12. Which cut-off scores for nutritional triage recommendations should I use when using the PG‑SGA Short Form©?

12. Which cut-off scores for nutritional triage recommendations should I use when using the PG‑SGA Short Form©?

There is no clear indication that the cut-off values for the PG‑SGA Short Form© should differ from those used in the full version of the PG‑SGA. Although theoretically a patient might possibly be slightly  underscored if using the PG-SGA SF© only, but not overscored, it is important to note that the majority (generally 80-90% of a score for a given patient) of the total PG‑SGA numerical score is being based on the patient-generated aspects (PG‑SGA Short Form©). 

In general, it would be rather unlikely that a patient’s scoring would be low on the PG-SGA Short Form© and high on the professional-generated items (Worksheet 2 to 4).

Research utilizing the PG-SGA is ongoing globally with studies published on the use of the PG‑SGA Short Form©, also known as the ‘abridged’ version of the PG-SGA in the literature. 

The study by Vigano et al. (Vigano AL, di Tomasso J, Kilgour RD, Trutschnigg B, Lucar E, Morais JA, Borod M. The Abridged Patient-Generated Subjective Global Assessment Is a Useful Tool for Early Detection and Characterization of Cancer Cachexia. J Acad Nutr Diet 2014;114(7):1088-98) which was prospectively performed in 207 advanced lung and gastrointestinal cancer patients, showed that ≥9 points as generated by the PG-SGA Short Form© was associated with unfavorable biological markers of cancer cachexia, decreased anthropometric and physical measures, such as body mass index, fat mass, handgrip and leg strength, an average 12% greater length of hospital stay, a dose reduction in chemotherapy, and increased mortality.

The study by Gabrielson et al. (Gabrielson DK, Scaffidi D, Leung E, Stoyanoff L, Robinson J, Nisenbaum R, Brezden-Masley C, Darling PB. Use of an abridged scored Patient-Generated Subjective Global Assessment (abPG-SGA) as a nutritional screening tool for cancer patients in an outpatient setting. Nutr Cancer 2013;65(2):234-9) performed in 90 oncology outpatients showed an area under curve of 0.956 by the PG‑SGA Short Form. In this study, ≥6 points, and ≥7 points were studied as cut-off values for sensitivity and specificity of the PG‑SGA SF© compared to the PG‑SGA Categories (A-Well nourished versus B/C-Moderately malnourished or suspected malnutrition/Severely malnourished). Using the cut-off of ≥6 points resulted in 93.8 sensitivity and 77.6 specificity. Using a cut-off value of ≥7 points improved the specificity to 89.7, but lowered the sensitivity to 84.4.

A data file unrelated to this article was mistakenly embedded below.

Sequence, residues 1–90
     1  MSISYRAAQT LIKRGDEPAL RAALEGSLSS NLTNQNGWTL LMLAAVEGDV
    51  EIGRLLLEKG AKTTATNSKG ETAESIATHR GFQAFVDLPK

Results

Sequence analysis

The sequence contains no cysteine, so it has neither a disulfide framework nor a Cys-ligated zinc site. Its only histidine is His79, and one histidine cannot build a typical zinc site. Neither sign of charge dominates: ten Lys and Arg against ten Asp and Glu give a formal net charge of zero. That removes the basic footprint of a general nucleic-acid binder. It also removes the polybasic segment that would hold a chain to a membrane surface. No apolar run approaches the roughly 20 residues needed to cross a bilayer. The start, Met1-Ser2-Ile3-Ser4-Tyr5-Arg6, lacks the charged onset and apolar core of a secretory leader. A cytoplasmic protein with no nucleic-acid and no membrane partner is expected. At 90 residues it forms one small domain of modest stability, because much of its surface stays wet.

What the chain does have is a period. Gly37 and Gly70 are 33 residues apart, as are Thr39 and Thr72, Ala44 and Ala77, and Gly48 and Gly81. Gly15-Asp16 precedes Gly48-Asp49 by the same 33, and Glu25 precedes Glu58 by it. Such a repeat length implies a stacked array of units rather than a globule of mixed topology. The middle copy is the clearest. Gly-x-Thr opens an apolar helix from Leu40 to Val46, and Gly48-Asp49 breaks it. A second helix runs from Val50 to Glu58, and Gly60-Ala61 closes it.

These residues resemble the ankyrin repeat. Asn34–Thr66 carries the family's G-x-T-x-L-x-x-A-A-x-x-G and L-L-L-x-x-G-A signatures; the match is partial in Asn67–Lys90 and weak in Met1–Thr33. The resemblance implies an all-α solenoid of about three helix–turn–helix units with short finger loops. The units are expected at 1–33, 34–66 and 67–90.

The optimal cut-off values to be used depend on the purpose or the objectives of the team using the instrument in clinical practice, e.g. aiming for prevention or treatment of malnutrition only; to support expanding or maintaining dietitian or nutritional support services; and/or various types of clinical and outcomes research. Therefore, each organization can make its own decisions on defining which cut-off values should result in referral to a dietitian and other disciplines, but in the context of research, until there are data to support changing the triage approach, the triage as described in the full PG‑SGA© should be maintained.